Revelstoke Museum & Archives Curator Cathy English takes one of the new First Tracks books out of the box. The book is now available for sale at the Revelstoke Museum & Archives bookshop.

A first look at the Revelstoke Museum’s First Tracks

Revelstoke Museum’s newest book chronicles more than
12 decades of ski history in the area

Late last week the Times Review got a first look at the Revelstoke Museum & Archives’ newest publication First Tracks: The History of Skiing In Revelstoke.

We’ve barely had a chance to read through the 208-page book, let alone follow up with its volunteer committee, but can offer an early first look. We hope to follow up with a more extensive review next week.

Starting with the early pioneers of the late 1800s, First Tracks takes a chronological journey through the history of skiing by dividing the sport into its disciplines.

After the early history, the book jumps into the ski jumping era, which was arguably the most popular form of the sport in Revelstoke for the first 50 years

Subsequent chapters explore the history of alpine skiing, the evolution of plain-old skiing into the cross country and backcountry genres, as well as the roots of heli-skiing, ski touring, lodge operations, alpine skiing and cat skiing.

The early pioneers such as Bob Lymburne, Nels Nelsen, Isabel Coursier are well represented. But the lesser-known pioneers of more recent history also take their place in history of the development of skiing in the region, including ski hill pioneers like Paul Mair and Don Sinclair, and modern era ski racers like Larry Nelles and Kendra Kobelka, to name just a few. The chapters follow right through to the present, exploring recent developments at Mount Macpherson, and the saga that led to the creation of Revelstoke Mountain Resort.

Mount Mackenzie and Mount Macpherson now host the main alpine and Nordic facilities, but for much of Revelstoke’s history Mount Revelstoke was the focus of skiing in town. This included the Nels Nelsen and the Bigh Hill ski jumps at its base and alpine runs like Haner’s Hill and The Hickory Run.

The history of these developments spanning the past century have been organized in an orderly fashion. Likewise, the development of lodges on the mountain, and the reasons why skiing shifted elsewhere are laid out.

First Tracks follows on a people-first narrative, focusing on the personalities that drove skiing, including leading competitors and the organizers behind clubs, tournaments and businesses.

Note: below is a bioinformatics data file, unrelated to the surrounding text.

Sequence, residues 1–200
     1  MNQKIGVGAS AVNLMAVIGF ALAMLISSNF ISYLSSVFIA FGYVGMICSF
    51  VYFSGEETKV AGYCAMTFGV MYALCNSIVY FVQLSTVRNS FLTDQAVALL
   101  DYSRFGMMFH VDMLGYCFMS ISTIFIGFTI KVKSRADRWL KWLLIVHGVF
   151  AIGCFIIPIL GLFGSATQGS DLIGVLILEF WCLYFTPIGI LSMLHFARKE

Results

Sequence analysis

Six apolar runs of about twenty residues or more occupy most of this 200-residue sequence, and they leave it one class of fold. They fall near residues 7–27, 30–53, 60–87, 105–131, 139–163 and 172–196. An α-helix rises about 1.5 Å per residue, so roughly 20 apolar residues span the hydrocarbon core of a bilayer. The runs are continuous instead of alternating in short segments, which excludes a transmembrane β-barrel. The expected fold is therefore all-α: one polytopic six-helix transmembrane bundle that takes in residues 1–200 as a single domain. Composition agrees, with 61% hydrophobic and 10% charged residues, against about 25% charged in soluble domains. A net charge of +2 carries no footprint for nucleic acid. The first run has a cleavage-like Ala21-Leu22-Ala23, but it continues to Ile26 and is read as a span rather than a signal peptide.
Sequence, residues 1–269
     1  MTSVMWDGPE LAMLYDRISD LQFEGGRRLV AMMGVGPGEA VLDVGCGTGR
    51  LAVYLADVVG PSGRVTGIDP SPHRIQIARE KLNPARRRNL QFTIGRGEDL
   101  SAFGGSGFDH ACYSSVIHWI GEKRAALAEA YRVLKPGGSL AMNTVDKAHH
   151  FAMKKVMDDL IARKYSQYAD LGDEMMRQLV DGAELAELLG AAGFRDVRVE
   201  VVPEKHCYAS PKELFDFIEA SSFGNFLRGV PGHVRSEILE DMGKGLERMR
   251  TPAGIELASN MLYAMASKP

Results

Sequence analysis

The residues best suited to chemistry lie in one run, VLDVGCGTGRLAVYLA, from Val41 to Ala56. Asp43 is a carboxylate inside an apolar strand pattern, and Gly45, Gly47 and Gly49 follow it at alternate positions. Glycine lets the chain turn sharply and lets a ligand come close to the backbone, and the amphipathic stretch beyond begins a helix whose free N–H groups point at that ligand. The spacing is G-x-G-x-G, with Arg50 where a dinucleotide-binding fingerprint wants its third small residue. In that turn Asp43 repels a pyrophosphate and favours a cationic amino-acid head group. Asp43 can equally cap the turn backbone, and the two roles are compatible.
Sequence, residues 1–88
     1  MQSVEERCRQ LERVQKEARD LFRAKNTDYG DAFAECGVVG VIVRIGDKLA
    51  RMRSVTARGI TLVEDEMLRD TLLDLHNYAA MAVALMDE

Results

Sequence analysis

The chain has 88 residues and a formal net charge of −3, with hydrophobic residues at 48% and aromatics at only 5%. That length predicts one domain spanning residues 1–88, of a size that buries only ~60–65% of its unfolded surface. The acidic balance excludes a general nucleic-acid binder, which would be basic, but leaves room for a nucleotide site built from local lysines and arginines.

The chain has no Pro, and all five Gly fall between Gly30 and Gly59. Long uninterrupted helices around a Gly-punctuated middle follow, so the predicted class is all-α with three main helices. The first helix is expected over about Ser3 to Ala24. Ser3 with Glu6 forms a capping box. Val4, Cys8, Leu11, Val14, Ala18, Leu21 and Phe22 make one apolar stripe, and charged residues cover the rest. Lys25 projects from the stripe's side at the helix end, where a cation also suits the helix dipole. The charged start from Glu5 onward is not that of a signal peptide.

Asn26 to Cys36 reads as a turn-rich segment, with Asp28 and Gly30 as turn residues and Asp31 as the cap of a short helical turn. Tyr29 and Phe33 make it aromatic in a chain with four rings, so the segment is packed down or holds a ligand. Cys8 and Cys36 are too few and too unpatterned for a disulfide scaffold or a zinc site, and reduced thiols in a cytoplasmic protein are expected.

The book’s strengths are balanced between an organized approach to the subject and great photo editing with an eye that balances historical value with visual impact. The writing is clear and accessible.

First Tracks is a great introduction for newcomers to Revelstoke’s ski history, but also has lots of new information for history buffs.

You get a great sense of how much things have stayed the same while everything changes – like an excerpt from the Feb. 3, 1921, issue of the Revelstoke Review, noting folks were struggling with unleashed dogs on the jump in the park. “Don’t bring your dog – it will be shot if found on the course,” they wrote.

First Tracks: The History of Skiing in Revelstoke is available at the Revelstoke Museum & Archives for $45.

 

Just Posted

Applications for 2019 Revelstoke Community Foundation about to close

This year there is more than $65,000 to distribute

‘This province has never ending secrets’: Canada jays in Revelstoke largely unstudied

John Woods spoke at the last CRED Talk on Canada’s unofficial national bird

Readers weigh in: Should shock collars on dogs be banned?

We asked and you had a lot to say. Here’s some of what

National Energy Board approves Trans Mountain pipeline again

Next step includes cabinet voting on the controversial expansion

Girl heard saying ‘Help my Dad’ in suspicious radio message on Vancouver Island

Police asking for help following mysterious signals from somewhere between Comox and Sayward

Reports of rashes prompt closure of all Harrison Hot Springs pools

Public pool available after Fraser Health shut down all five mineral pools until further notice

No treatment for highly infectious measles, says doctor

10 cases of measles confirmed in Vancouver as of Friday

Two more measles cases confirmed in Vancouver

It brings the number of total cases within the city connected to the outbreak to ten

Shuswap facility adds 60 long-term care beds

Mount Ida Mews hosts grand opening of second phase in Salmon Arm

Crews continuing to clear rock north of Summerland

Site has had no movement for the past eight days

No gas in Okanagan town as lone station closed for renovations

Falkland’s Petro Canada will remain closed for renovations until March 1

Most Read